In 1949 George Orwell published a book which portrayed a world under the oppressive rule of a privileged party with a tyrannical leader known as “Big Brother”. Individualism and independent thinking were deemed criminal in the name of a ‘greater good. The year was 1984. For the most part Orwell’s book of fiction was just that – fiction. Aspects of his story have arguably occurred and many of the terms he coined have been woven into our vernacular.
One facet of the book turned out to be true – although in a way Orwell never imagined. In the year 1984 an event took place which would be a catalyst for independent thinking and individualism. Richard Saul Wurman was an architect and graphic designer who recognized a convergence of design, technology and entertainment. Together with Harry Marks he staged a conference featuring speakers expert in those fields as well as demos of ‘cutting edge’ products such as the Apple Macintosh computer and the Sony compact disc. It was a financial flop.
The concept lay dormant until 1990 when it was renewed in Monterrey, California and became an annual event which grew in size, influence and enthusiastic followers. It has grown to the point that the annual conference not only has continued to grow – it has spawned events across the globe and talks have been translated into more than 100 languages. There are videos, audios, stand-alone events and a variety of brand extensions. The power of the internet has driven over one billion estimated views of talks and presentations. Thought leaders, speakers, teachers, past presidents, Nobel prize winners, business giants and virtual unknowns have all participated and presented their ideas and insights.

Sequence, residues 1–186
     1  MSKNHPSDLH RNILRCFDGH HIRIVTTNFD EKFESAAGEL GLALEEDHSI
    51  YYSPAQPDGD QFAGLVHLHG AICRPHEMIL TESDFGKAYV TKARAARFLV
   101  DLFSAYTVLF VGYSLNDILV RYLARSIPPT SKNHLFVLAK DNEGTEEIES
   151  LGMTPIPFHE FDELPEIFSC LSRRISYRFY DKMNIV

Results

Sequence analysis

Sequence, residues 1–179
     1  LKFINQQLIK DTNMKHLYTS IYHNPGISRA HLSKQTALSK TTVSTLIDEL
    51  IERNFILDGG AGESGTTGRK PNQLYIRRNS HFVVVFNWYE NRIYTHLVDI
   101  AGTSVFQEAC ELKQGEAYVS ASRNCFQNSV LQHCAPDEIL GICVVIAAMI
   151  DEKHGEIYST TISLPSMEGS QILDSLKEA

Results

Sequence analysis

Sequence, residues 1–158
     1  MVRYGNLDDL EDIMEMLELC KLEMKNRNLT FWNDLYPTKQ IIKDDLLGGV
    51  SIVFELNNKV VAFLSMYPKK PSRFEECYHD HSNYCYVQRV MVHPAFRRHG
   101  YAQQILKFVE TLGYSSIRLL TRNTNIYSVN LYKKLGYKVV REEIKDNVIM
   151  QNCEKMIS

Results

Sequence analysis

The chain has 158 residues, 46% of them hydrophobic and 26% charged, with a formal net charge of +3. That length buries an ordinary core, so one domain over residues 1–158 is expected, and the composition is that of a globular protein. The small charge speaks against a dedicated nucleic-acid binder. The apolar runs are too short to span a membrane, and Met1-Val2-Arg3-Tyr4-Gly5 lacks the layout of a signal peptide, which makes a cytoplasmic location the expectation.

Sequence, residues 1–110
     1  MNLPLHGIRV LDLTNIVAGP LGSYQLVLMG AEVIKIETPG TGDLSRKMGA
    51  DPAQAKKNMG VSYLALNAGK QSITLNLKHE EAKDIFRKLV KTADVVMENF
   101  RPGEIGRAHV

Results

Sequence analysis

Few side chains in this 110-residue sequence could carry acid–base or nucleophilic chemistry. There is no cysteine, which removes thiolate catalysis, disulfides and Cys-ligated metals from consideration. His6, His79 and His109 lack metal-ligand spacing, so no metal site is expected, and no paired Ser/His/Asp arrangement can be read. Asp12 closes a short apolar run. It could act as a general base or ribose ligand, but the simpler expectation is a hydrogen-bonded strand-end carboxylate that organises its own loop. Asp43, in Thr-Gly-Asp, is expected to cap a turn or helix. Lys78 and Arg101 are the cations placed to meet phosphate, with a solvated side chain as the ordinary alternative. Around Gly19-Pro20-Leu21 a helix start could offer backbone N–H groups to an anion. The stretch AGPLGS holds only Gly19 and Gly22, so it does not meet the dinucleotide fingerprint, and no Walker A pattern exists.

It’s not the countless events, astronomical reach, global interest or line extensions that make this concept a fearless brand. This powerful phenomenon has been created because TED Talks is a fearless brand.
TED (Technology, Education and Design) is a collection of global conferences committed to spreading “ideas worth sharing”. It is owned by a non-profit organization – The Sapling Foundation – which is charged with maintaining standards for the events and consistency in their execution. The range of topics has expanded well beyond the original three disciplines and now encompasses business, science, social, global issues and more.
There’s no better way to explain TED than their own mission statement –
TED is a global community, welcoming people from every discipline and culture who seek a deeper understanding of the world. We believe passionately in the power of ideas to change attitudes, lives and, ultimately, the world. On TED.com, we’re building a clearinghouse of free knowledge from the world’s most inspired thinkers — and a community of curious souls to engage with ideas and each other, both online and at TED and TEDx events around the world, all year long.
When Wurman passed the TED torch to Chris Anderson and his Sapling Foundation it is unlikely that any of them envisioned the reach and impact that would eventually result. Speakers have a maximum of eighteen minutes to deliver their concepts and are encouraged to be as innovative and dynamic as possible. Information presented becomes property of TED in order for the talks to be available for free online viewing. The format has been incredibly successful with the most viewed talk being Sir Ken Robinson’s talk on How Schools Kill Creativity which has been viewed over 23,000,000 times. Topics of highly viewed talks range from Simon Sinek’s How Great Leaders Inspire Action to Mary Roach’s 10 Things You Didn’t Know About Orgasm